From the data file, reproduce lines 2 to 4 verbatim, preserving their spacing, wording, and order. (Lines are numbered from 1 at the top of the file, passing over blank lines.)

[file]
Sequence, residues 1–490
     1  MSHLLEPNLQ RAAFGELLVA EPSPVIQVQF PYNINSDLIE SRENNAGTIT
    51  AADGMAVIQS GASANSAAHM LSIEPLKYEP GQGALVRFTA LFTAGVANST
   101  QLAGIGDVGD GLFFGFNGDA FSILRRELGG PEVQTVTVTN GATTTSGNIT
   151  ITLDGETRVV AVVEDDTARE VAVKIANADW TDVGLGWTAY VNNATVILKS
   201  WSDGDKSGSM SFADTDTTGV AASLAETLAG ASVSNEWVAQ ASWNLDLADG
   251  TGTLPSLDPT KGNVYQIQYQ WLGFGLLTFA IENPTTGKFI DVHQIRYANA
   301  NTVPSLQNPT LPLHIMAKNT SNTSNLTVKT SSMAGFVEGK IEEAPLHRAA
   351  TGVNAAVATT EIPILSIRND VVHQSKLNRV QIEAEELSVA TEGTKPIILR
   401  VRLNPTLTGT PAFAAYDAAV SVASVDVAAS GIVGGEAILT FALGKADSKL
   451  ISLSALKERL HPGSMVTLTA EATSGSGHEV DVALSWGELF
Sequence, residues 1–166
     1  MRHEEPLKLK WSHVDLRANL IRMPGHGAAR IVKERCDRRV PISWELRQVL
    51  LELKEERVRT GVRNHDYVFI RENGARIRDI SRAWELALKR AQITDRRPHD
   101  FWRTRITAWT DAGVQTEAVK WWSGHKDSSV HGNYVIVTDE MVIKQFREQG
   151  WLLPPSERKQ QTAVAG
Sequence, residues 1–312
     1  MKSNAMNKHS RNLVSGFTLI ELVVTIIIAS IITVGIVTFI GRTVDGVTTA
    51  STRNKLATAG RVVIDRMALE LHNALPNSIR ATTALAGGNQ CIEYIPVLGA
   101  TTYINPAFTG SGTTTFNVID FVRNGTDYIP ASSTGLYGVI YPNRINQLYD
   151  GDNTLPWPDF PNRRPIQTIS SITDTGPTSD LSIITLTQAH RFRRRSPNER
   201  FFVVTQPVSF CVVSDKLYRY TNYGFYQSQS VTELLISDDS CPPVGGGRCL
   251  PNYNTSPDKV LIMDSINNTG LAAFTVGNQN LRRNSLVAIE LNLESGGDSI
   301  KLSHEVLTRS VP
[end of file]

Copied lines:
     1  MSHLLEPNLQ RAAFGELLVA EPSPVIQVQF PYNINSDLIE SRENNAGTIT
    51  AADGMAVIQS GASANSAAHM LSIEPLKYEP GQGALVRFTA LFTAGVANST
   101  QLAGIGDVGD GLFFGFNGDA FSILRRELGG PEVQTVTVTN GATTTSGNIT